Turkey said on Friday it might set up a border buffer zone to protect growing numbers of Syrian refugees fleeing a violent uprising against President Bashar al-Assad.
With the bloody revolt entering its second year, government forces battled protesters in at least three suburbs of the capital Damascus, opposition activists said. They also reported flare-ups in other towns and cities.
The U.N.-Arab League envoy Kofi Annan was due to brief the United Nations Security Council later in the day on his efforts to end the violence, but there was no sign of any breakthrough.
Assad faced growing international isolation as more Arab states announced they were shutting their embassies and the Turkish Foreign Ministry said it strongly urged its citizens to leave the country because of growing security concerns.
Turkish Prime Minister Tayyip Erdogan, once a firm ally of Assad, said he was considering setting up a buffer zone along the border with Syria. Ankara might then withdraw its ambassador once its nationals had returned home.
A buffer zone, a security zone, are things being studied, he told reporters in Ankara, but said other ideas were also under consideration. It would be wrong to look at it from only one perspective.
Some 1,250 refugees have fled into Turkey from northern Syria in the last 48 hours, escaping an army onslaught in the frontier Idlib province.
Some 45 civilians had been killed in the region in the past day, including 23 whose bodies were found with their hands tied behind their backs, as well as five army deserters, the Syrian Observatory for Human Rights monitoring group reported.
The Syrian government says it is grappling with an insurgency by terrorists and foreign-backed militants and denies accusations of brutality against civilians.
Ankara is wary of any military intervention in Syria, fearing a broader civil war could spill over its borders, but a buffer zone would need armed protection, analysts say.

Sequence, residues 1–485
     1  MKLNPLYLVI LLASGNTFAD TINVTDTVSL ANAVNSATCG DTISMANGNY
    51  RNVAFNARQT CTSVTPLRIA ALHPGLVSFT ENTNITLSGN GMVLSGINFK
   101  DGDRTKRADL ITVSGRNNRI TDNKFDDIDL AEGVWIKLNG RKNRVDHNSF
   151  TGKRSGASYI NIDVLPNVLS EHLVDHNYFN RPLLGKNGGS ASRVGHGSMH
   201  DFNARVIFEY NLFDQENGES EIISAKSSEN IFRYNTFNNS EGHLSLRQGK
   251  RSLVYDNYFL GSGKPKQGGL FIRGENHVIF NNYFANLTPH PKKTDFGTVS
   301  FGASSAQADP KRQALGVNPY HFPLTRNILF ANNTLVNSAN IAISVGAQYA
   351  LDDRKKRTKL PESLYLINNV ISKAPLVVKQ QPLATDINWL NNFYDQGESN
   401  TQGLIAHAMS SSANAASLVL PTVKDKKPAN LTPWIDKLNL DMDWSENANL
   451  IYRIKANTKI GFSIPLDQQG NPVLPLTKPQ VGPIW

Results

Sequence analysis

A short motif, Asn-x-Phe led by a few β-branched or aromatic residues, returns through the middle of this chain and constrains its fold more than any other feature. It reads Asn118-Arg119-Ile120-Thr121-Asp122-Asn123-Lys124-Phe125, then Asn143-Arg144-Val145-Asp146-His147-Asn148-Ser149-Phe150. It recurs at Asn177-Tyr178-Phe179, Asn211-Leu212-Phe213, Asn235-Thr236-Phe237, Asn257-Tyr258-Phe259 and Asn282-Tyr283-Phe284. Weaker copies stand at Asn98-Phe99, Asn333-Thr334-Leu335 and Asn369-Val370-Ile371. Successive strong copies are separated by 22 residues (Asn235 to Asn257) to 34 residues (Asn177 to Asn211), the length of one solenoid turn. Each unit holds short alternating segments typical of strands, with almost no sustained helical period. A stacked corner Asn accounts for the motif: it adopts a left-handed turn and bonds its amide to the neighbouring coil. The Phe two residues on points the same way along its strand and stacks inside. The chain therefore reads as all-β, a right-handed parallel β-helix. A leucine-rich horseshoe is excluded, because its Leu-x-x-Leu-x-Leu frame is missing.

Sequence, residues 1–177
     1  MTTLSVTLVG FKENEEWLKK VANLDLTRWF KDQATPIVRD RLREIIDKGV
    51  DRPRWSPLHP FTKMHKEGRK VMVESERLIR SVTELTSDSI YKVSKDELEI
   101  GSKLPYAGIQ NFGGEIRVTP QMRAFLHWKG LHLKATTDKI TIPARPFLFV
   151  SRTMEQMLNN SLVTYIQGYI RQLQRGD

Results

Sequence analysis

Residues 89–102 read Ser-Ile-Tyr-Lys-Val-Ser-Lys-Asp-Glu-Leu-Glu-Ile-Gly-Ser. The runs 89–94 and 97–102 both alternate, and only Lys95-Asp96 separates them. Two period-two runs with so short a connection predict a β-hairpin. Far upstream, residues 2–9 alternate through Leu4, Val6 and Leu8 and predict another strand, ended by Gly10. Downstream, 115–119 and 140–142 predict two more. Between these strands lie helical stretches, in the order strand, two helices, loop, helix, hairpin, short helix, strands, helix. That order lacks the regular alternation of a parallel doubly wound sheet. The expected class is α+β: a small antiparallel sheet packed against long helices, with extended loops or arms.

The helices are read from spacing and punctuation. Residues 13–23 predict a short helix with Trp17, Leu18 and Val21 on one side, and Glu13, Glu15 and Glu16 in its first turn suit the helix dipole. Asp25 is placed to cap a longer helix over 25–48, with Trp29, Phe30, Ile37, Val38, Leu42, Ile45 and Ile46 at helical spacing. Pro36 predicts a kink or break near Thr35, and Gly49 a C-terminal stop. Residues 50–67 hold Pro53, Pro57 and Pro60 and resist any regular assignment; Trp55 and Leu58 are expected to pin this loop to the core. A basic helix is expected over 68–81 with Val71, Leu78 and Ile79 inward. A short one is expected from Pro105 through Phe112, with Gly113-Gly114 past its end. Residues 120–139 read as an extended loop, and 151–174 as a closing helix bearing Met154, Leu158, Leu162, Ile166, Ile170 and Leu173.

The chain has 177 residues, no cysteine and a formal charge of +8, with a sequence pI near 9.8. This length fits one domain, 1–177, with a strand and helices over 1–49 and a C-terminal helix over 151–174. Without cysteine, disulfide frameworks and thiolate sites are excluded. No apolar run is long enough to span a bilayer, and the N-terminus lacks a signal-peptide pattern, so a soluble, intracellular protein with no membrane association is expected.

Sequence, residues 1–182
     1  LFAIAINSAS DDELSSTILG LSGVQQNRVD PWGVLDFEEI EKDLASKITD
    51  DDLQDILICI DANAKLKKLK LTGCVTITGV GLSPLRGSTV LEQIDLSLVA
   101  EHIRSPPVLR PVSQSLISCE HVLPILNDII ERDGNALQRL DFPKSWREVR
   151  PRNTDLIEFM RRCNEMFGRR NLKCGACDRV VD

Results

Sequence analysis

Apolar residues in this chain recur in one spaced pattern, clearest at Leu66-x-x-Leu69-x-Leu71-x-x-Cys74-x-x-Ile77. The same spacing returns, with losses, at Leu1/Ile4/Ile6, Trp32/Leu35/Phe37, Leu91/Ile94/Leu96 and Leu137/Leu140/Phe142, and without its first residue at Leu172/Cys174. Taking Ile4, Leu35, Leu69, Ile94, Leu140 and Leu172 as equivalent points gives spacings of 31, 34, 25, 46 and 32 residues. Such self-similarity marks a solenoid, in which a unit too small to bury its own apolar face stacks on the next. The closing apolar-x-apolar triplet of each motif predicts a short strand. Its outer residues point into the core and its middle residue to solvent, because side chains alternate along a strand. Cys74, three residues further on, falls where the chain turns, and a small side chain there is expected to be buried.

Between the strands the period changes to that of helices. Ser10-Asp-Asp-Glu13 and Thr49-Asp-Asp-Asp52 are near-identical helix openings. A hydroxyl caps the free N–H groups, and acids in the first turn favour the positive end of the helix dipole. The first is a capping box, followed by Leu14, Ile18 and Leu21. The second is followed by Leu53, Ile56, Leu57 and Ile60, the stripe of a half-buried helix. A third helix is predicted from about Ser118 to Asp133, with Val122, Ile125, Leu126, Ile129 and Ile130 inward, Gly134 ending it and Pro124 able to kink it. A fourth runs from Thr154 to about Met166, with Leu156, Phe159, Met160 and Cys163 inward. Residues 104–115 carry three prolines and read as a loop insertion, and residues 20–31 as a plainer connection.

Turkey set up such a zone along the border with Iraq during the Gulf War in the early 1990s when tens of thousands of refugees headed towards its territory.
Pro-Assad supporters staged mass rallies around Syria on Thursday to mark the first anniversary of the uprising, which has left at least 8,000 people dead and forced an estimated 230,000 to abandon their homes, according to U.N. figures.
Anti-regime protesters also tried to take to the streets, but often faced a fierce backlash, opponents said.
Activists said security forces fired heavily in southern Damascus's Qadam suburb on Friday to chase demonstrators off the roads. They also reported firing in the western suburb of Daraya and clashes with army deserters in Ghouta, east of the capital, which has seen gun battles in the past.
A Kurdish news agency in Turkey said many Kurds had staged a protest in Syria's second city Aleppo as well as other centres. It reported one person shot dead in Hassaka in northeast Syria.
Reports from Syria cannot be independently verified as authorities have barred outside rights groups and journalists.
Underlining Assad's growing isolation, four members of the Gulf Cooperation Council (GCC) announced the closures of their embassies in protest against its violent crackdown, the Saudi Press Agency (SPA) said.
Kuwait, Oman, United Arab Emirates and Qatar were to follow in the footsteps of Saudi Arabia and Bahrain and halt diplomatic activity in Syria, the GCC was quoted as saying in a statement.
Russia, one of Assad's few remaining friends, condemned the decision, saying it was vital to keep communication open.
Mikhail Bogdanov, a deputy foreign minister, told reporters in Moscow that international calls for Assad to step down were counterproductive because they send the opposition a false signal that there is no sense in entering dialogue.
Annan, a former U.N. Secretary General, went to Damascus last weekend to discuss proposals to end the violence. Syria said it responded positively to the initiative, but Western diplomats have expressed pessimism about the chances of success.
Syria has repeatedly refused access to humanitarian groups to areas worst hit by the fighting, but has agreed to a joint mission with the United Nations to assess the needs of various cities and towns this weekend.
U.N. aid chief Valerie Amos welcome the move, but said it was not enough: I repeat my calls to the government of Syria to allow humanitarian organisations unhindered access, so they can help people in need, in a neutral and impartial manner, she said in a statement.
(Writing by Crispian Balmer; Additional reporting by Khaled Yacoub Oweis in Amman and Steve Gutterman in Moscow; Edited by Richard Meares)